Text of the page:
Anglers are not Waiting for Summer to Enjoy the Fina Fishing

Summer is not far away, but Southern California offshore anglers are already enjoying “summer-like” fishing with 18 to 220-plus pound bluefin tuna, 5-to-12-pound yellowtail, and 6-to-12-pound bonito biting. It continues to be a fine spring fishing season and anglers are hoping that species such as yellowfin tuna, dorado, and striped marlin arrive and join the party during the upcoming summer and fall months.


Bluefin tuna have been and continue to be the highlight species for trips venturing offshore and the past week has seen the best bluefin bites coming from the offshore waters outside of Ensenada. There has been good fishing found around the 385 Spot, in the area ranging from the southwest over to northwest of Todos Santos Island and the area out to the west and southwest of the 295 Bank. This has anglers fishing in an area ranging from 50 to 60 miles and 155 to 185 degrees from Point Loma.


Bluefin have been biting during daylight hours but the best bluefin bites have often come during the dark, with the 2 hours before daylight often providing the best fishing of the 24-hour day. The best methods have been fishing meter marks and sonar marks with 4-ounce torpedo sinker rigged live sardines and with Flat Fall jigs. The Flat Fall jigs tend to work best during the dark and the torpedo sinker rigged fished live sardines tend to work best during the daylight hours.


Private boater Marcus Hale of Cabrilla fished a recent trip targeting bluefin and reported catching bluefin of 120 pounds, 70 pounds, and 40 pounds. This action was found while working around the 385 Spot outside of Ensenada which is 56 miles 166 degrees from Point Loma. Hale said they caught the 40-pound bluefin during the dark and caught the 70-pound and the 120-pound bluefin during daylight hours. The bluefin were biting best for them on sinker rigged sardines while drifting in areas where they found meter marks. The water where they were locating bluefin was running 64 to 65 degrees and was blue.


Private boater Ray Millman of Go The Distance reported about fishing for bluefin while on a recent 1.5-day trip aboard Pegasus out of Fisherman’s Landing. He said they had a great trip and the fish count was 17 anglers catching their limits of 34 bluefin tuna. Millman reported that the bluefin they caught ranged in size from 18 to 180 pounds and he said they were biting on Flat Fall jigs and sardines. His report was that Flat Fall jigs clearly worked best during the dark and that they caught bluefin on Flat Fall jigs and on sinker rigged sardines during daylight hours.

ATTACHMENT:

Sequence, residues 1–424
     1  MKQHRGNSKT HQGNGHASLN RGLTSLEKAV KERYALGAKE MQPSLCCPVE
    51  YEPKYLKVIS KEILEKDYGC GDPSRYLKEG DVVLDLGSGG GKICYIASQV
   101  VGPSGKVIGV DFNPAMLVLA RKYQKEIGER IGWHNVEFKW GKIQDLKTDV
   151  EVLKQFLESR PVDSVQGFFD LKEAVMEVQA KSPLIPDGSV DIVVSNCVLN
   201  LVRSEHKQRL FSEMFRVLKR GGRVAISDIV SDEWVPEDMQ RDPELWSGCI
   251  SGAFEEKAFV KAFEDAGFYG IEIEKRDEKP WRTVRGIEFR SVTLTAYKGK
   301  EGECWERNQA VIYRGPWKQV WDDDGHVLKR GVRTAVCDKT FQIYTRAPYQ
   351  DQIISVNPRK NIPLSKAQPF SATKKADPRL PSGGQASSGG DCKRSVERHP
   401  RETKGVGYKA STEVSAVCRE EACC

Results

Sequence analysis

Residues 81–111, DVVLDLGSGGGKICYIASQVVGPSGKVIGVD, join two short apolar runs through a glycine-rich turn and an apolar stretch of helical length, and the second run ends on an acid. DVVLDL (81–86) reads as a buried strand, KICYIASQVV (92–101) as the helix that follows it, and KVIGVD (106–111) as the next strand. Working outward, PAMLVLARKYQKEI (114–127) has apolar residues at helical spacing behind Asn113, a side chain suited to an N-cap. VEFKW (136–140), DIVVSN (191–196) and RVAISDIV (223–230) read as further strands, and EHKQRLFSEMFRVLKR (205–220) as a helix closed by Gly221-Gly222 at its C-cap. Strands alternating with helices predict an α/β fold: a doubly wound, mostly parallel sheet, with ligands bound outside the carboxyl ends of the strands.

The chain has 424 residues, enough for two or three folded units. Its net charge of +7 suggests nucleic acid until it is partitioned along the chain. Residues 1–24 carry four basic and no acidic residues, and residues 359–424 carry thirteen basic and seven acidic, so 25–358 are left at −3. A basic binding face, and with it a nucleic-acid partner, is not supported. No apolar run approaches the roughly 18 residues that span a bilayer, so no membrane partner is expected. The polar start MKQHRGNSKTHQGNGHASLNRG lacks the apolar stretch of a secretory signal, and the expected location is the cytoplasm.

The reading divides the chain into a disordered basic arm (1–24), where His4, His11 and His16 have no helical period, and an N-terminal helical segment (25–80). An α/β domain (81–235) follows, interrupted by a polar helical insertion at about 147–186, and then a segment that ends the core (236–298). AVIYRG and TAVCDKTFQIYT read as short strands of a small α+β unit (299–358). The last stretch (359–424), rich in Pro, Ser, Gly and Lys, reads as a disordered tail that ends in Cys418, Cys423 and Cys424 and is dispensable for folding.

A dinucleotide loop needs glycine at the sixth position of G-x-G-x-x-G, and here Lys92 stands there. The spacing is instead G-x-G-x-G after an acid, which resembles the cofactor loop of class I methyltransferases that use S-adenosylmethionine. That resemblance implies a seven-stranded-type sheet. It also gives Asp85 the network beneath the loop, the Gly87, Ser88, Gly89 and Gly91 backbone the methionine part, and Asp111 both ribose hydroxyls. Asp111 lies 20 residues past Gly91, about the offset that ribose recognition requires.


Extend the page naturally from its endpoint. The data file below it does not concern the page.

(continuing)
Millman’s report was that most of their fish came from stopping on sonar marks and meter marks and said that in the afternoon that they had some bluefin stops that came from stopping and chumming alongside “shiner” spots of bluefin. Shiner spots of bluefin are spotted by seeing the sunlight reflecting off the sides of the fish while they are grouped up right near the surface. He said that when fishing the shiner spots of bluefin that they also were able to hook a few bluefins on fly-lined sardines that would get bit when they would first come to a stop alongside the school of bluefin. Millman very much enjoyed the trip and had nothing but praise for the Pegasus and its Captain and Crew.


Boat fishing areas within 40 miles or so of Point Loma have sometimes been scratching out a few bluefin but have mostly been catching a mix of big bonito and yellowtail around offshore banks ranging from the 182 Spot on down to the Upper Hidden Bank. There was also a recent report from the Catalina area of some yellowtail biting from a kelp paddy found around the 277 Spot off the East End of Catalina.


Private boater Tom Parnakian of Ambush reported about fishing some of the local offshore banks outside of the Coronados aboard a recent full-day trip on Grande out of H&M Landing. They had a fish count of 33 anglers catching 108 bonito and 1 yellowtail. Parnakian said they found great bonito fishing on fish that were mostly in the 8-to-10-pound range. Flylined sardines were working best and he said that taking the time to choose a hot and lively sardine for your hook while selecting a bait at the bait tank helped in getting bonito strikes. All the kelp paddies they stopped on were empty and he said that the one yellowtail they caught was caught in the middle of a stop where they were catching bonito. Parnakian very much enjoyed the trip and had nothing but good things to say about the Grande, its Captain, and Crew.